Tatsuya Kawajiri Conquered Fear Of Flying, Still Not Training In A Cage

Fan Poster By DamnSevern

This is a guest post by Stephie "Crooklyn" Daniels. Follow Stephie on Twitter @CrooklynMMA.

Tatsuya Kawajiri has had an illustrious career for the last 12 years, and this coming Saturday, March 31, he hopes to add another victory to his resume. He'll be taking on former KOTC featherweight champion, Donald Sanchez, in ONE FC's latest outing, War of the Lions. The fight will be in Singapore, and will air live and free via a Youtube stream for those not able to attend the event. I was recently afforded the opportunity to submit questions for an email interview, so I gathered some of my own questions, as well as some fan questions.

SD: Will we see the Kawajiri-gatame against Donald Sanchez?

TK: Of course, I'm aiming for it.

SD: Since ONE FC uses a cage, have you been training in a cage to better acclimate yourself to fighting in one?

TK: No.

SD: How do you feel about ONE FC's ruleset?

TK: It's quite a dangerous ruleset with elbows, knees on the ground and soccer ball kicks, so I'm pretty excited to fight under these rules.

SD: Is it true you fought Kazuo Misaki before he made his pro Shooto debut?

TK: Yes. I don't remember exactly but I fought Misaki in the amateur prize money tournament held in Ibaraki and lost.

SD: After the sale of PRIDE, you supposedly spent about 6 months preparing to fight under UFC rules, working on things like elbows, but never received a call, and then Yarennoka was arranged. Is that true?

TK: I had an option to fight in UFC after Zuffa bought PRIDE and I had trained to fight with elbows.

SD: You've always been very professional and scientific about strength and conditioning, and used to lift heavily up until the Kultar Gill fight. Is it true your max bench press was 135kg?

TK: When I fought Kultar Gill, I was quite into the weight training and held about 120kg bench press for 10 consecutive times. I can't tell the max, but I was doing the weight lift until just before the fight.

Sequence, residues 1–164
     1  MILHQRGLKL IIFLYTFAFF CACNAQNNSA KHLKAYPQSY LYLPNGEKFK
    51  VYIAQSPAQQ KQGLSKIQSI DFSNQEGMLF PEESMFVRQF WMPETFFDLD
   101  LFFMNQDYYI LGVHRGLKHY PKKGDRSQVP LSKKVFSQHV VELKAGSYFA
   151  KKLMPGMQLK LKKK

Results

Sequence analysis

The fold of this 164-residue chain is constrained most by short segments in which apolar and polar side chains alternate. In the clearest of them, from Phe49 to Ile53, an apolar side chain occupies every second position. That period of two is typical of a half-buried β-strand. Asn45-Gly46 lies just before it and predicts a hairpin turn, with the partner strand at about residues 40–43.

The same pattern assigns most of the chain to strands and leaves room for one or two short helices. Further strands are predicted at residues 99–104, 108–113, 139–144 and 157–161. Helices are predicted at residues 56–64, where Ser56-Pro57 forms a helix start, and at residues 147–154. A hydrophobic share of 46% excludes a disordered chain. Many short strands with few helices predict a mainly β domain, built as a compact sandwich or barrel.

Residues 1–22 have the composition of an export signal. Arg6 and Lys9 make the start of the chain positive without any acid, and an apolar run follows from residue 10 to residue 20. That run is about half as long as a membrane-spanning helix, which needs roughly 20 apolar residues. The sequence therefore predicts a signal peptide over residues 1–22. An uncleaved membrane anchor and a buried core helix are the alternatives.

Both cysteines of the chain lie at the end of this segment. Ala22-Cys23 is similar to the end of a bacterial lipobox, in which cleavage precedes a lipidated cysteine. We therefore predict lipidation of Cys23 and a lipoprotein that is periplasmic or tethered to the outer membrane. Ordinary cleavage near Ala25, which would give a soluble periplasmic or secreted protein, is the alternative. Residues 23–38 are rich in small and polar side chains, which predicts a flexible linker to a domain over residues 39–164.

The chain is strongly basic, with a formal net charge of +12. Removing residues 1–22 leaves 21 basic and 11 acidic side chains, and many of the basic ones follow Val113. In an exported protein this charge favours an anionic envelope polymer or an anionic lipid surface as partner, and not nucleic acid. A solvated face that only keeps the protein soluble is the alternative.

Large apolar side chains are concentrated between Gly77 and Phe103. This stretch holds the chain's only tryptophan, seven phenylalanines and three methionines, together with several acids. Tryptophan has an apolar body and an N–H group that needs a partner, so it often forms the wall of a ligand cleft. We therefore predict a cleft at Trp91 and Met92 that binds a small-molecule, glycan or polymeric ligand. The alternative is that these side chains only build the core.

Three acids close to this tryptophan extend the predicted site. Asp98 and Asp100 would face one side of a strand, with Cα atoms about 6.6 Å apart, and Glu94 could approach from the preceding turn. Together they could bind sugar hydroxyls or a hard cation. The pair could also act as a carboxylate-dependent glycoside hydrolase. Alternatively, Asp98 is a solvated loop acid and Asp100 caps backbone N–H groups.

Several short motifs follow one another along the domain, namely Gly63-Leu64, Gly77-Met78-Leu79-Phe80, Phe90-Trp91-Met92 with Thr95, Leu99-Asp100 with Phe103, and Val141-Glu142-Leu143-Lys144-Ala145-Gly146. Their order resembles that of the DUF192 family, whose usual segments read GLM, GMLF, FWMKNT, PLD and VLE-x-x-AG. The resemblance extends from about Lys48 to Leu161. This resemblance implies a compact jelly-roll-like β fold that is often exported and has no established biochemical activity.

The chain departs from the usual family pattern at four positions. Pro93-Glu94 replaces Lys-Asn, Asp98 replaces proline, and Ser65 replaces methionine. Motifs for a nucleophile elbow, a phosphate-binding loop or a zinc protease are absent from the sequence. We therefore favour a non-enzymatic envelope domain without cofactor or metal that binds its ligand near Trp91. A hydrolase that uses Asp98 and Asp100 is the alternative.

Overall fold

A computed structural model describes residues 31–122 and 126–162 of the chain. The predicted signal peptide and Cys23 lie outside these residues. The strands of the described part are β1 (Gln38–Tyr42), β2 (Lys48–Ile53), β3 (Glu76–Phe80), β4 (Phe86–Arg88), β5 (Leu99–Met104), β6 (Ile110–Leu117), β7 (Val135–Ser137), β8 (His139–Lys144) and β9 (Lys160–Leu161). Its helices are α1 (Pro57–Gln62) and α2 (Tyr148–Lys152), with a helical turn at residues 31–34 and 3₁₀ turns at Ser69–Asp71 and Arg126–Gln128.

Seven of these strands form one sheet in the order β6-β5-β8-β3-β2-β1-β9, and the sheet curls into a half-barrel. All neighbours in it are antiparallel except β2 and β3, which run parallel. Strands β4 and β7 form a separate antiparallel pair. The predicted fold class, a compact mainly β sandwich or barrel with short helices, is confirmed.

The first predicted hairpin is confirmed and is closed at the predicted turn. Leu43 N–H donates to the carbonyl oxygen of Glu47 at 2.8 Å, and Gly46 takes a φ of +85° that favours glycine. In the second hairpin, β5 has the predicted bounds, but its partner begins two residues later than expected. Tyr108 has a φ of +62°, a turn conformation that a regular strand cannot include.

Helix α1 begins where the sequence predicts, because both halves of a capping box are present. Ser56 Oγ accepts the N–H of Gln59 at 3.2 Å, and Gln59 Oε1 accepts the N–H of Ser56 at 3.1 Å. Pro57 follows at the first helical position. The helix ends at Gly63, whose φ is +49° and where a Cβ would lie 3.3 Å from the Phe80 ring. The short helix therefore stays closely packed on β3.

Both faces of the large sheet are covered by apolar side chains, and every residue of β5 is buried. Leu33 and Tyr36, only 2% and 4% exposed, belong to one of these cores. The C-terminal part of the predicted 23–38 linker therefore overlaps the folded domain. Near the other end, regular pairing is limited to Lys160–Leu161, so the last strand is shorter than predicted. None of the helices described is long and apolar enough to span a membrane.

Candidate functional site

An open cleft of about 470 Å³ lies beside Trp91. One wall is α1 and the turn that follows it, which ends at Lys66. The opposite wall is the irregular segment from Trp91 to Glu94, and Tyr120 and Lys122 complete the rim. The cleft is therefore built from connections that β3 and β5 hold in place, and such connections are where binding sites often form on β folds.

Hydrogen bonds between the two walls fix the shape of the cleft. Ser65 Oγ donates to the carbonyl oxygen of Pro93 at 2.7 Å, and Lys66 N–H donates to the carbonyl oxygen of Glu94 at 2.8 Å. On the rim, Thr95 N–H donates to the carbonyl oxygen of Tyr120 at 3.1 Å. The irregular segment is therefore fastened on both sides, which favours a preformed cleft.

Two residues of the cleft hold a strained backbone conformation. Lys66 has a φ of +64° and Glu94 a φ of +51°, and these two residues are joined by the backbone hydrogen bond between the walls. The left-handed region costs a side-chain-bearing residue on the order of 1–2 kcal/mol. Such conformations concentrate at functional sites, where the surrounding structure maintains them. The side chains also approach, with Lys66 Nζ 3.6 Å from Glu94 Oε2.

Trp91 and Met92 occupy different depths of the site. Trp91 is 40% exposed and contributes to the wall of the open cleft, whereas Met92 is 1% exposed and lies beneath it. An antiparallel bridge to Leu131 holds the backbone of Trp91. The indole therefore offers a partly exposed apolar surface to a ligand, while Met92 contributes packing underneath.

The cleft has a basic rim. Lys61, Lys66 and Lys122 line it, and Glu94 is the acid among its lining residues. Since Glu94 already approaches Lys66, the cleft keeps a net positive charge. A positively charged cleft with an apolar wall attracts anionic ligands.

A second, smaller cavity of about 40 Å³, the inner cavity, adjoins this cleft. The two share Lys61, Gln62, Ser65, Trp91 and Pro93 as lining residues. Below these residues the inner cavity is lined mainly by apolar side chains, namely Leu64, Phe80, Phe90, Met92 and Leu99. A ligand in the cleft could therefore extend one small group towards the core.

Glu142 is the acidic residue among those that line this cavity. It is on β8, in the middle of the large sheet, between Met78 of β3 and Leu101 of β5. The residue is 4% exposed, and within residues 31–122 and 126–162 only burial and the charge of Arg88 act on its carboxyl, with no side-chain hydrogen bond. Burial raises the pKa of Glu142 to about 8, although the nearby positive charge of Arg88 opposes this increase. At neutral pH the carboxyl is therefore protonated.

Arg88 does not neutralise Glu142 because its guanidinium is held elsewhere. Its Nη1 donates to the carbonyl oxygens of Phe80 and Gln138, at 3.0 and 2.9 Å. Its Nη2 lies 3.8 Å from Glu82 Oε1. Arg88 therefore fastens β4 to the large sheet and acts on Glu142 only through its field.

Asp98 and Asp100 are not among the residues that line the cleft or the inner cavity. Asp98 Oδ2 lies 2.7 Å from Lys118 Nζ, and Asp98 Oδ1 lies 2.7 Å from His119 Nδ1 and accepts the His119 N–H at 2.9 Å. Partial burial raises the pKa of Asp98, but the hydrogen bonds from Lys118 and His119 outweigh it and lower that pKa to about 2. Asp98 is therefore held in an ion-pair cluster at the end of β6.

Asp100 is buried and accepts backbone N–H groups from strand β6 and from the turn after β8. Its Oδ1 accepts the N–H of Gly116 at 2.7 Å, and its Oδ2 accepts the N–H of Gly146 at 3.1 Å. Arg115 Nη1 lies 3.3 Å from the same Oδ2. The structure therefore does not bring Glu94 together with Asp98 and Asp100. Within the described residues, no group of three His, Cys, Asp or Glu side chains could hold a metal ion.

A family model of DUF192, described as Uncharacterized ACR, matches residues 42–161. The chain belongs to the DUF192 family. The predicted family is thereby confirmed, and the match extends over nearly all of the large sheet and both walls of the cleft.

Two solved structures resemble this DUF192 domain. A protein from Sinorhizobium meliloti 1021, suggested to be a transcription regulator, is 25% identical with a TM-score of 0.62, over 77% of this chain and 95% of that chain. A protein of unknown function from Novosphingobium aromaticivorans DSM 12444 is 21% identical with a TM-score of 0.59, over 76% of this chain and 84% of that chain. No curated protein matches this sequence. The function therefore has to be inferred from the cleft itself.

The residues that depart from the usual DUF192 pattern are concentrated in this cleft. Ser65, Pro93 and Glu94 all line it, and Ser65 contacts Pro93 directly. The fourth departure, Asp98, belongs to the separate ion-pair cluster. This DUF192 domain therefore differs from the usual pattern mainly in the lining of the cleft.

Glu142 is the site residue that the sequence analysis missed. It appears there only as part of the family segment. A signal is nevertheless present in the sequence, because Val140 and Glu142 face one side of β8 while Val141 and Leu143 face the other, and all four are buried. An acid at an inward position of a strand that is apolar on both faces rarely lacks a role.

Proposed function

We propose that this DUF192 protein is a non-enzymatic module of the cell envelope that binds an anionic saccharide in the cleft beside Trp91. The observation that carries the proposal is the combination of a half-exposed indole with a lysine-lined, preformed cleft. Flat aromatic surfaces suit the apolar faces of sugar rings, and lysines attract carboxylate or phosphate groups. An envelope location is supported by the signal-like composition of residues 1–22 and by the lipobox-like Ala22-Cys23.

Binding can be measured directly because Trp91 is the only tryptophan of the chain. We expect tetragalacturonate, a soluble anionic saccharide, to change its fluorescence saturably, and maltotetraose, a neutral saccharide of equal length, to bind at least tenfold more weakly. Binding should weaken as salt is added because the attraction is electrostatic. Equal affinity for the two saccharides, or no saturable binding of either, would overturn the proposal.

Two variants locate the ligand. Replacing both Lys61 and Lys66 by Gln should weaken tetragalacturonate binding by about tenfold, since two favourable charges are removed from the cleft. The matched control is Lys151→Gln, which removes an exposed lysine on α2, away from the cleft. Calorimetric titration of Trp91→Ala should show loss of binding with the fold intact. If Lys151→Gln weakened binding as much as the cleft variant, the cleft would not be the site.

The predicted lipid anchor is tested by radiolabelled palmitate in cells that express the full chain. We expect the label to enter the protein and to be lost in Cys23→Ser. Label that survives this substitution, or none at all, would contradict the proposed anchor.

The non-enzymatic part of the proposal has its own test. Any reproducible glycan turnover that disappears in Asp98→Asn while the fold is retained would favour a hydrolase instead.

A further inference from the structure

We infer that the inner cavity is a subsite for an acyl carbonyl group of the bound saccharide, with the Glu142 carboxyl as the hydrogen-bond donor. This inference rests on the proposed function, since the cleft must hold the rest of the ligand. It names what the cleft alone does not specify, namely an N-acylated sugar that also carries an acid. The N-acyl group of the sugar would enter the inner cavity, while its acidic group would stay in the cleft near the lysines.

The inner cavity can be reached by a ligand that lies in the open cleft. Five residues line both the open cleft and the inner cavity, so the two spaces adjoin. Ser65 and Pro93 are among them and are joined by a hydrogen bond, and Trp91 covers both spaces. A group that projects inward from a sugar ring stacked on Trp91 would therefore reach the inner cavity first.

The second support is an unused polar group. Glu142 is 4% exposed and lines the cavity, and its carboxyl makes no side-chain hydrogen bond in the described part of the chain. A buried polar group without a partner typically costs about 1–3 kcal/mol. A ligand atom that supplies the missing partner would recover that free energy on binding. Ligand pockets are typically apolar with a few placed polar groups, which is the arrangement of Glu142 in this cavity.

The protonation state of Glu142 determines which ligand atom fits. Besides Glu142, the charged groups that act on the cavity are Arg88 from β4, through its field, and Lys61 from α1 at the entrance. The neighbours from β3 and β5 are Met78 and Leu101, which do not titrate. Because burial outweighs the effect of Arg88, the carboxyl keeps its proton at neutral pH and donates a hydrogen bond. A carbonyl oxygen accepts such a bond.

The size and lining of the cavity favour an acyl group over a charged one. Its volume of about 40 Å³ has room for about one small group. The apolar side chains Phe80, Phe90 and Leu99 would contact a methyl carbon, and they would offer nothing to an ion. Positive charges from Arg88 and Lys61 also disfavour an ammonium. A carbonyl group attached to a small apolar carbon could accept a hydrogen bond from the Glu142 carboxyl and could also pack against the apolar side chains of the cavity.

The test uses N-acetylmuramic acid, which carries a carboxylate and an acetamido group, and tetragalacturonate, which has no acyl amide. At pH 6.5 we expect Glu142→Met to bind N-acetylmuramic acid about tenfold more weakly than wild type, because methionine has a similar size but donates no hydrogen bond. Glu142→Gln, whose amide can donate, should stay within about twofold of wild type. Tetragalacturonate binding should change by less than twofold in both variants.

SD: How hard is it to make the cut to featherweight?

TK: Now, I'm doing many different training methods. I walk around 75kg and take balanced food, doing aerobic exercise as well.

SD: You're sponsored by a tuna company, what's your diet like when cutting, almost entirely tuna?

TK: Tuna is low calorie and contains high protein, so I eat tuna well for the diet.

SD: You have no formal background in any particular martial art. How hard has it been to learn all those skills at the same time, which was the hardest discipline, and how tough is it to still keep improving after fighting for more than a decade?

TK: Even though I had no background when I started my career, I observed Hayato Sakurai, my mentor, well and was able to learn various skills as a whole. Learning various skills are quite important to win the fight, so I didn't think it was hard thing to do. But striking was hard to learn and I still feel the same. I'd like to improve all my skills to a perfect level.

SD: What's your training situation like for this fight? How much travelling do you do in the course of a fight camp?

TK: I trained as usual for the fight. I train in Tokyo 3 times a week.

SD: With this being only your second fight abroad, have you finally conquered your famous fear of flying?

TK: I've overcome the issue with flying and would like to fight all around the world.

SD: What do you think the future holds for Japanese MMA?

TK: Time changes and goes by. But I don't think Japan would ever lose its power in MMA. People around me are still passionate and dedicated.

SD: You've been a top 10 lightweight for years, where do you see yourself at featherweight?

TK: I consider myself as top10 fighter in this division, as well, and I would like to prove it by defeating current top10 fighters, if possible.

SD: What fight of yours is your favorite, and what fight outside of your own is your favorite?

TK: My memorable fight is fight against Shaolin back in 2004 when I won Shooto title. I was most impressed by the Hayato Sakurai vs. Frang Trigg fight in 2000.

SD: How's life as a fighter changed now that you're a father?

TK: As I have more to carry on my shoulders, I'm more focused and dedicated to MMA.

SD: Do you and/or the Japanese combat culture resent the UFC and American MMA for purchasing Pride?

TK: No, I don't think fans are angry about it. Neither am I.

SD: What are your plans for the future?

TK: To be the best fighter of the world in this division.

Follow Tatsuya Kawajiri via his Twitter @Crusher_MMA

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